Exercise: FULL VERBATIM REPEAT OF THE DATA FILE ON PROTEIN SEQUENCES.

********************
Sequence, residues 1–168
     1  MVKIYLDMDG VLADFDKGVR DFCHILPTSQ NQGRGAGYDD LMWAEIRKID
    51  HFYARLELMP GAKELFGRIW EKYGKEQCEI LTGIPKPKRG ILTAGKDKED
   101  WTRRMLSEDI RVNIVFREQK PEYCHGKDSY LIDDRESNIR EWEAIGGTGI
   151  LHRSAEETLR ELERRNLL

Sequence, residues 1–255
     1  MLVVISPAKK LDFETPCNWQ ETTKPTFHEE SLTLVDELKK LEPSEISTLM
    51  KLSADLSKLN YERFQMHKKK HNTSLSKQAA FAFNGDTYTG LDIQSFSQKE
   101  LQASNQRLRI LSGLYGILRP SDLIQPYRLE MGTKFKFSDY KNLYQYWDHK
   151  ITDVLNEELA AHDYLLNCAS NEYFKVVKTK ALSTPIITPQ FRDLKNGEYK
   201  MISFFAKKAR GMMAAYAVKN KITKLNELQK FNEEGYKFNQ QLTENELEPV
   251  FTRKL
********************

Sequence, residues 1–168
     1  MVKIYLDMDG VLADFDKGVR DFCHILPTSQ NQGRGAGYDD LMWAEIRKID
    51  HFYARLELMP GAKELFGRIW EKYGKEQCEI LTGIPKPKRG ILTAGKDKED
   101  WTRRMLSEDI RVNIVFREQK PEYCHGKDSY LIDDRESNIR EWEAIGGTGI
   151  LHRSAEETLR ELERRNLL

Sequence, residues 1–255
     1  MLVVISPAKK LDFETPCNWQ ETTKPTFHEE SLTLVDELKK LEPSEISTLM
    51  KLSADLSKLN YERFQMHKKK HNTSLSKQAA FAFNGDTYTG LDIQSFSQKE
   101  LQASNQRLRI LSGLYGILRP SDLIQPYRLE MGTKFKFSDY KNLYQYWDHK
   151  ITDVLNEELA AHDYLLNCAS NEYFKVVKTK ALSTPIITPQ FRDLKNGEYK
   201  MISFFAKKAR GMMAAYAVKN KITKLNELQK FNEEGYKFNQ QLTENELEPV
   251  FTRKL